Couple fear they will never sell home after A12 upgrade outside

couple outside rivenhall end home

Nicola and Michaela Longo fear their Rivenhall End home will be unsellable after plans for a new bypass were submitted as part of the A12 upgrade - Credit: Piers Meyler

A couple living close to a section of the A12 in Essex which is set to expanded fear their home will be left unsellable - but Highways England have refused to purchase it as part of the project.

The A12 is being upgraded to a three-lane trunk road between Junction 19 at Boreham and Junction 25 for Marks Tey and Highways England, who are behind the scheme, have issued Compulsory Purchase Orders for some land alongside this stretch.

However, Nicola and Michaela Longo's Rivenhall End home sits just outside the boundary of the land affected - despite the fact they will live just 65 metres away from a new bypass.

The couple, who have lived in their home for nine years, say they will now have to apply for a discretionary purchase, while proving they are unable to sell their home because of the development.

The section of the A12 which is being upgraded currently carries 90,000 vehicles every day and is dogged by frequent congestion.

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The proposal would widen the A12 between junctions 19 and 25 to three lanes in each direction  – but importantly for the Mr and Mrs Longo would see a three lane bypass in each each direction at Rivenhall End, within metres of their home.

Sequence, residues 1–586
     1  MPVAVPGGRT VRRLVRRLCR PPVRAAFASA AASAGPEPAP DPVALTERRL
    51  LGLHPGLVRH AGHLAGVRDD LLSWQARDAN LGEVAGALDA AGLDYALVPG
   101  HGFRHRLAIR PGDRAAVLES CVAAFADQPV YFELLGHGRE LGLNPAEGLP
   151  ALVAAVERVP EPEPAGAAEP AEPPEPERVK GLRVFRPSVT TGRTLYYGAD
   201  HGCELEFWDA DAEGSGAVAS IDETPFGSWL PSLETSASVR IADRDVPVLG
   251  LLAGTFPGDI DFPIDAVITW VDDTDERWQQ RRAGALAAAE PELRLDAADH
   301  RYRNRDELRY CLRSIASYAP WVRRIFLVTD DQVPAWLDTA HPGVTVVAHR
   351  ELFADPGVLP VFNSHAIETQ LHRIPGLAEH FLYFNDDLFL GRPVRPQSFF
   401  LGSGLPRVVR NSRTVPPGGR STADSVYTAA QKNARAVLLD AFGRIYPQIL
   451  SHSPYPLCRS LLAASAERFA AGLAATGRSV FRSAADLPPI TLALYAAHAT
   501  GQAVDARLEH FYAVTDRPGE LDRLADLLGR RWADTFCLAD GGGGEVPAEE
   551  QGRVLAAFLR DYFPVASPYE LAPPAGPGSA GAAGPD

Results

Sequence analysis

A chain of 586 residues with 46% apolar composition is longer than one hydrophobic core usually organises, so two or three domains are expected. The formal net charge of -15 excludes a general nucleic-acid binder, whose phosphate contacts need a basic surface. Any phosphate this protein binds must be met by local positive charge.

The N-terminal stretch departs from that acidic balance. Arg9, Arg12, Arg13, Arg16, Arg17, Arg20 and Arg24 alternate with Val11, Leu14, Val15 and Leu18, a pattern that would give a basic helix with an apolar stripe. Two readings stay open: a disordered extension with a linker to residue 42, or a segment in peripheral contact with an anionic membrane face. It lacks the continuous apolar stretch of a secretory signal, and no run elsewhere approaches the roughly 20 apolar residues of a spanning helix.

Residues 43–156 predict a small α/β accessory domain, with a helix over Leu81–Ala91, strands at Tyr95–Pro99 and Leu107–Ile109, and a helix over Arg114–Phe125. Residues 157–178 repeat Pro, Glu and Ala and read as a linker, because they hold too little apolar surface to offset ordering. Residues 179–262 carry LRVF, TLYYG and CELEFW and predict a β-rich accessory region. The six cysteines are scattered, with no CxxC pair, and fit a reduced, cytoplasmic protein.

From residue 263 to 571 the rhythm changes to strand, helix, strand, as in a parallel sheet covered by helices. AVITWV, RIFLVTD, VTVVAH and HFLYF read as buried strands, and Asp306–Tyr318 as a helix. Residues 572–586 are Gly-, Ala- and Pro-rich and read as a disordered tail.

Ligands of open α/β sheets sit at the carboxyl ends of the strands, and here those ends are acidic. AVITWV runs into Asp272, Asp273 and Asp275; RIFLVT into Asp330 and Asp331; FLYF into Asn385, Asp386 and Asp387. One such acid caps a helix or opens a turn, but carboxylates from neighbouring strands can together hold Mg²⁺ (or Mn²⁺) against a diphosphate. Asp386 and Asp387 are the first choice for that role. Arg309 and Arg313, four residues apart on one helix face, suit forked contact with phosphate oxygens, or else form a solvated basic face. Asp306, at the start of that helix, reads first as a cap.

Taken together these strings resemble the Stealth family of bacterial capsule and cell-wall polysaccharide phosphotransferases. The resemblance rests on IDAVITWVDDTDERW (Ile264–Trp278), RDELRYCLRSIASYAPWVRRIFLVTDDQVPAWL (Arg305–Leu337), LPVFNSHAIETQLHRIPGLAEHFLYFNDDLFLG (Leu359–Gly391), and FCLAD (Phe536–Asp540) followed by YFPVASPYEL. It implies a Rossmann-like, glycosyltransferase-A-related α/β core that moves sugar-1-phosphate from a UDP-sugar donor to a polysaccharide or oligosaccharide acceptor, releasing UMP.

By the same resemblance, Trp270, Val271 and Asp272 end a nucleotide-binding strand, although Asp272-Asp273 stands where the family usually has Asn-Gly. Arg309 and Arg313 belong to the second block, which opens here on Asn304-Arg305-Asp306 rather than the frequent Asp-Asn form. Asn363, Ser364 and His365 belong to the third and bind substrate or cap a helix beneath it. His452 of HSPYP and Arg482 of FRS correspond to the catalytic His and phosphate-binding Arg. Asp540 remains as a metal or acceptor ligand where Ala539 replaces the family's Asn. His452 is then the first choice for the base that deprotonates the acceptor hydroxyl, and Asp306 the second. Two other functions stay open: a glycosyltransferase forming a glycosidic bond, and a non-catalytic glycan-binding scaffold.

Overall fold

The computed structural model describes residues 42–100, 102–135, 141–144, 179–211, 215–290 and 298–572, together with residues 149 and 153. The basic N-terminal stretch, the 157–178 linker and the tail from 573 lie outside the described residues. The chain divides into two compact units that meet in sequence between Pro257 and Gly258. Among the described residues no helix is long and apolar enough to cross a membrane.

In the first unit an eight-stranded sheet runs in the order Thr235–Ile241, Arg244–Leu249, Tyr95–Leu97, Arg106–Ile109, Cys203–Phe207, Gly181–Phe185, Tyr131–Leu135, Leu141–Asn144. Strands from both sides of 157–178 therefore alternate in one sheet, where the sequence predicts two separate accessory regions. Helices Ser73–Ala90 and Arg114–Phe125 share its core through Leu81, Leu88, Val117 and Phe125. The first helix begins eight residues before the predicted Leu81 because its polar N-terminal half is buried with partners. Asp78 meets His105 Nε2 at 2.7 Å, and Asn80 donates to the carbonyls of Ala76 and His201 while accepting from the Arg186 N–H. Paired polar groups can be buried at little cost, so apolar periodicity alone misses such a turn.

When the project is complete they will be left with the original four-lane A12 on one side and a new six-lane bypass on the other. The new road would be just 65 metres from their property.

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A two-lane road connecting the original A12 and Easthorpe Road further to the east is also being proposed.

While they agree proposed changes to this stretch of the A12 road are needed to improve safety, reduce traffic congestion and ensure that the road can cope with the predicted increase in traffic from more jobs and homes in the area, they say Highways England should be prepared to compensate them now.

Mrs Longo, 54, said: “No-one in their right mind will buy this place. This is what makes me so angry.

“We don’t want to be here when this happens because this is our home. And I don’t want to see the destruction at the back of my home. We feel we have no other option but to go.”

The statutory consultation for  the scheme finished in June. Highways England intends to submit its application for development consent in spring / summer 2022.

And subject to development approval, construction is expected to start in 2023/2024.

She said: “I am livid. They are taking this away from  us, reducing the value of our house and we are not getting anything for it."

Mrs Longo added: “From here all I can see is them building a road there and the machinery they are using are not going to be small diggers. They are gong to be massive.

“Nicola works night shifts with Royal Mail. If we stayed here while they are working in the day he wouldn’t get any sleep at all.”

Stephen Elderkin, National Highways project director, said: “We recently wrote to Mr and Mrs Longo to explain that their house sits outside of the boundary of land affected by the A12/A120 widening scheme, as outlined in the development consent order. National Highways is only able to acquire land or property via a compulsory purchase order which is within this boundary."

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